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Full Online Book HomeNonfictionsChristian Science - BOOK II - Chapter XIII
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Christian Science - BOOK II - Chapter XIII Post by :william13 Category :Nonfictions Author :Mark Twain Date :April 2011 Read :1834

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Christian Science - BOOK II - Chapter XIII

In drawing Mrs. Eddy's portrait it has been my purpose to restrict myself
to materials furnished by herself, and I believe I have done that. If I
have misinterpreted any of her acts, it was not done intentionally.

It will be noticed that in skeletonizing a list of the qualities which
have carried her to the dizzy summit which she occupies, I have not
mentioned the power which was the commanding force employed in achieving
that lofty flight. It did not belong in that list; it was a force that
was not a detail of her character, but was an outside one. It was the
power which proceeded from her people's recognition of her as a
supernatural personage, conveyer of the Latest Word, and divinely
commissioned to deliver it to the world. The form which such a
recognition takes, consciously or unconsciously, is worship; and worship
does not question nor criticize, it obeys. The object of it does not
need to coddle it, bribe it, beguile it, reason with it, convince it--it
commands it; that is sufficient; the obedience rendered is not reluctant,
but prompt and whole-hearted. Admiration for a Napoleon, confidence in
him, pride in him, affection for him, can lift him high and carry him
far; and these are forms of worship, and are strong forces, but they are
worship of a mere human being, after all, and are infinitely feeble, as
compared with those that are generated by that other worship, the worship
of a divine personage. Mrs. Eddy has this efficient worship, this massed
and centralized force, this force which is indifferent to opposition,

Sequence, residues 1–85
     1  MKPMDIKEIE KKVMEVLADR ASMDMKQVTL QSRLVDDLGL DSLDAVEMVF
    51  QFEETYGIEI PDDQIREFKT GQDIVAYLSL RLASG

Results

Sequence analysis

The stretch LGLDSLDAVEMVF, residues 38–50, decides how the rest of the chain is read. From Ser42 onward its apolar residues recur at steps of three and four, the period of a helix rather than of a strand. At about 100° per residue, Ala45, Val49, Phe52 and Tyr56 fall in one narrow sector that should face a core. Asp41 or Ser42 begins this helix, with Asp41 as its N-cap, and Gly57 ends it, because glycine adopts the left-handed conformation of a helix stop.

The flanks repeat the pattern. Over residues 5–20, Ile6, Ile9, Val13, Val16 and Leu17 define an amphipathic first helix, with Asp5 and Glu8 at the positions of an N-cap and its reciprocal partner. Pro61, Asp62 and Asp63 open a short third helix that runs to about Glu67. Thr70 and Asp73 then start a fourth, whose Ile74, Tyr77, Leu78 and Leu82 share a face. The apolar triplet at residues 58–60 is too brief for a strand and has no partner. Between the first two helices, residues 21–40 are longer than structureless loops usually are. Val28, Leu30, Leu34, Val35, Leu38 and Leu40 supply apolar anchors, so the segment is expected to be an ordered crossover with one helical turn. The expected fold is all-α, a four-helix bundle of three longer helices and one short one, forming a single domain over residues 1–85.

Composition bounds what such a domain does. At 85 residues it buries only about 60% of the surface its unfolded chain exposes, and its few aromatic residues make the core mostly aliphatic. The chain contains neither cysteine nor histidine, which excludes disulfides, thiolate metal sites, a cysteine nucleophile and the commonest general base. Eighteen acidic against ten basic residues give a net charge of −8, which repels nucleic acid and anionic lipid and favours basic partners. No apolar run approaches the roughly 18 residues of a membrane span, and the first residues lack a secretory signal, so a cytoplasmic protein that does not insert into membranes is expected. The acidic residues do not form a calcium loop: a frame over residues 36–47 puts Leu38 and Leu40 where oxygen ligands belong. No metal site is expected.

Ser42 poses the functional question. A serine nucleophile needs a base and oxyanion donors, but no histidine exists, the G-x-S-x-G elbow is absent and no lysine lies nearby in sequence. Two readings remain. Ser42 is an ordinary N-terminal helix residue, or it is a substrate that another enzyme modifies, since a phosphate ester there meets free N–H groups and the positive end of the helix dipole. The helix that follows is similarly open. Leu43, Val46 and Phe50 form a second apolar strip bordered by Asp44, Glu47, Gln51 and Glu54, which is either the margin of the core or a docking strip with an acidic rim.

untroubled by fear, and goes to battle singing, like Cromwell's soldiers;
and while she has it she can command and it will obey, and maintain her
on her throne, and extend her empire.

She will have it until she dies; and then we shall see a curious and
interesting further development of her revolutionary work begin.

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The President and Board of Directors will succeed her, and the governmentwill go on without a hitch. The By-laws will bear that interpretation.All the Mother-Church's vast powers are concentrated in that Board. Mrs.Eddy's unlimited personal reservations make the Board's ostensiblesupremacy, during her life, a sham, and the Board itself a shadow. ButMrs. Eddy has not made those reservations for any one but herself--theyare distinctly personal, they bear her name, they are not usable byanother individual. When she dies her reservations die, and the Board'sshadow-powers become real powers, without the change of any important By-law, and the Board
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It is evident that she made disciples fast, and that their belief in herand in the authenticity of her heavenly ambassadorship was not of thelukewarm and half-way sort, but was profoundly earnest and sincere. Herbook was issued from the press in 1875, it began its work of convert-making, and within six years she had successfully launched a new Religionand a new system of healing, and was teaching them to crowds of eagerstudents in a College of her own, at prices so extraordinary that we arealmost compelled to accept her statement (no, her guarded intimation)that the rates were arranged on high,
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